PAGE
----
There have been some questions raised about how we service the Windows Update components and concerns expressed about software installing silently. I want to clarify the issue so that everyone can better understand why the self-updating of Windows Update acts the way it does. So first some background: Windows Update is designed to help our consumer and small business customers (customers without an IT staff) keep their systems up-to-date.
To do this, Windows Update provides different updating options:
1) Install updates automatically,
2) Download updates but let me choose whether to install them,
3) Check for updates but let me choose whether to download and install them, and
4) Never check for updates.
Our goal is to automate the process wherever possible so that we can increase the likelihood of a system being secure and up-to-date, while giving customers the flexibility to control how and whether updates are installed. The reasons for this are both philosophical and practical. Philosophically, Microsoft believes that users should remain in control of their computer experience. Practically, customers have told us that they want to have time to evaluate our updates before they install them. That said, and to the benefit of both customers and the IT ecosystem, most customers choose to automate the updating experience. So what is happening here? Windows Update is a service that primarily delivers updates to Windows. To ensure on-going service reliability and operation, we must also update and enhance the Windows Update service itself, including its client side software. These upgrades are important if we are to maintain the quality of the service.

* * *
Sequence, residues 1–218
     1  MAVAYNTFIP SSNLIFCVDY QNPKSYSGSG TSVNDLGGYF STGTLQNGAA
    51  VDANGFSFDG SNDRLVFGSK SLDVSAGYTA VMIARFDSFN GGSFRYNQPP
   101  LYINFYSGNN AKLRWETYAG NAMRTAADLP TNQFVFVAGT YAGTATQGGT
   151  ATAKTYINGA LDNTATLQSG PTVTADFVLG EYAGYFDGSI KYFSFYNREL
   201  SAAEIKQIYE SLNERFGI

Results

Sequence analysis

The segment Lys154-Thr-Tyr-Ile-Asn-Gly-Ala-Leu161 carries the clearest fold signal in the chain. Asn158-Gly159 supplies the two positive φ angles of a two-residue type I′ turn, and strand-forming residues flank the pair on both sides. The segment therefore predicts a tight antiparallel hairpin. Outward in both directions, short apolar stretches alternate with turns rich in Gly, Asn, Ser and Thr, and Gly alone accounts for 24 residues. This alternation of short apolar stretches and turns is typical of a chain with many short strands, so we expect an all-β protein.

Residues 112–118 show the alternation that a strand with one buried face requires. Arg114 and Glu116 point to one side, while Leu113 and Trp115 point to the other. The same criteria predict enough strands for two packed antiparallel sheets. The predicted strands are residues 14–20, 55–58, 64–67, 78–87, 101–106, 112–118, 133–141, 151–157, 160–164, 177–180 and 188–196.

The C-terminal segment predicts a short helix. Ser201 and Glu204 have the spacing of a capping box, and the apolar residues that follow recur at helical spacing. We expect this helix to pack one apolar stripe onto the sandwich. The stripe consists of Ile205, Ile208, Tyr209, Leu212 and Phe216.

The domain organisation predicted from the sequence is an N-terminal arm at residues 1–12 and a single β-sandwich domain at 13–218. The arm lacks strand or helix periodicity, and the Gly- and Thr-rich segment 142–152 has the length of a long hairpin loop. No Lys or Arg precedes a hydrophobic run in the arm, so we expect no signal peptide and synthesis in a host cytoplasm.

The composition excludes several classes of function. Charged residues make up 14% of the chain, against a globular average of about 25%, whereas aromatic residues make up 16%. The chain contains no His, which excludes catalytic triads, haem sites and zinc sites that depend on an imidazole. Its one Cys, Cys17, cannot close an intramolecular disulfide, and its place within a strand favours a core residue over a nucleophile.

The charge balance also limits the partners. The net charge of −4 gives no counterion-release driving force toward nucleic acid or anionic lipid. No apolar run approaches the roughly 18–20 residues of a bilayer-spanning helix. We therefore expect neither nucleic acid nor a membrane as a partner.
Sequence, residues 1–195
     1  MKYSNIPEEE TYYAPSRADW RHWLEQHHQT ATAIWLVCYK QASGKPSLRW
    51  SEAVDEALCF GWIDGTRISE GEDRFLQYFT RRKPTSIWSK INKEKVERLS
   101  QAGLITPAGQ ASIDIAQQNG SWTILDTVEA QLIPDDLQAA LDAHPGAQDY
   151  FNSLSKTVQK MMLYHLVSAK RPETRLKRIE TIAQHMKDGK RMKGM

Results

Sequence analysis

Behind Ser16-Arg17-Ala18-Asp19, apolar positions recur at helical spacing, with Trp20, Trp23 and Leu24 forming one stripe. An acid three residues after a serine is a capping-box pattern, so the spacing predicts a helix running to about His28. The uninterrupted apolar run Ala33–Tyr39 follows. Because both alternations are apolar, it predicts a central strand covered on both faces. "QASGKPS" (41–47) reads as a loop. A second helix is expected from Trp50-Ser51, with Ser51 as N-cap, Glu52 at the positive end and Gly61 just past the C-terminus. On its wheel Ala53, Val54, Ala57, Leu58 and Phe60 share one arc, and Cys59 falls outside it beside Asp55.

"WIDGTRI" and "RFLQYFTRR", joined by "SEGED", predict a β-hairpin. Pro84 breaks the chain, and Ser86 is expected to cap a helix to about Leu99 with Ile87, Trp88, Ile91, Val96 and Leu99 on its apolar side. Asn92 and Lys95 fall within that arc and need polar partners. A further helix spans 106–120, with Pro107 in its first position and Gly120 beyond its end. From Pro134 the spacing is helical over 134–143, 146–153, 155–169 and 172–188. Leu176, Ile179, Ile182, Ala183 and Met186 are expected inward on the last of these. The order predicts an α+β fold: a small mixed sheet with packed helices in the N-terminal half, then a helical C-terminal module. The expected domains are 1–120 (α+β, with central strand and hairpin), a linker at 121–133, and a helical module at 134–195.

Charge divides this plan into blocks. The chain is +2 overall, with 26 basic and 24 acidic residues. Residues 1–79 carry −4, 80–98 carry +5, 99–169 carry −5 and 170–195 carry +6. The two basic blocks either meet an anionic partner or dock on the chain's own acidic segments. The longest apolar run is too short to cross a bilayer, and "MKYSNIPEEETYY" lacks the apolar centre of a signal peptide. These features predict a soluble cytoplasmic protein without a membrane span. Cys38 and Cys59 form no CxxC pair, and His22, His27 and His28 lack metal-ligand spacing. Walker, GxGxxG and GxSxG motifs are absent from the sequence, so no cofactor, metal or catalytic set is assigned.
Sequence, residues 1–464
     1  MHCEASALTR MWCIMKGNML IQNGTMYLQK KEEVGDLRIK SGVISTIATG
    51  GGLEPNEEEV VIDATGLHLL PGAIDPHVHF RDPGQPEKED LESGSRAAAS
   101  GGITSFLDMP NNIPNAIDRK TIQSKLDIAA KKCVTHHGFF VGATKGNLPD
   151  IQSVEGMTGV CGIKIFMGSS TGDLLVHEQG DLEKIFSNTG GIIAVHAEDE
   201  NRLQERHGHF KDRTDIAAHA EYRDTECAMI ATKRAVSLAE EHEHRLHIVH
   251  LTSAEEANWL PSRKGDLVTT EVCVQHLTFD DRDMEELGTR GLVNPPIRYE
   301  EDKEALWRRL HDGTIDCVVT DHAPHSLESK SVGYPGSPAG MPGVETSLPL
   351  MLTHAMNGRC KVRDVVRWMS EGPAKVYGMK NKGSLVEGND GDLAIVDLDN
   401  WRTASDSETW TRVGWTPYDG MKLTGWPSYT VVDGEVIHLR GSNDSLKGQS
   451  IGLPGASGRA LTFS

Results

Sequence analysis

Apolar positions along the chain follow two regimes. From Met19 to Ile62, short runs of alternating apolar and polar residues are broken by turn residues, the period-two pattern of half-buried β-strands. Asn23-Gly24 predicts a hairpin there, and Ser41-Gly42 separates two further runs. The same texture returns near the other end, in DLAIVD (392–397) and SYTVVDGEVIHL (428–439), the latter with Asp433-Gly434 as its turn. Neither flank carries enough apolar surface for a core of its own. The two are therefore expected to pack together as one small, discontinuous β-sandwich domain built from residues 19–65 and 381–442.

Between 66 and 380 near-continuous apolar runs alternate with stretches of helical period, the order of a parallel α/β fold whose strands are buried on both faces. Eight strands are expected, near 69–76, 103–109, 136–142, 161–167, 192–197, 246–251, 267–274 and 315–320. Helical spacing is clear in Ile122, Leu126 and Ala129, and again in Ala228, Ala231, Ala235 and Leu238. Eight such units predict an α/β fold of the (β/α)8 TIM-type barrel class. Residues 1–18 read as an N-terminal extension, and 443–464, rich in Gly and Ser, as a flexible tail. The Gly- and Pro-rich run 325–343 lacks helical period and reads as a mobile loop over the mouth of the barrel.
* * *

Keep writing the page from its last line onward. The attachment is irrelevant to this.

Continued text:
Microsoft, Security Update, Windows Update, WSUS, Windows Server Update Services, Patch, Hotfix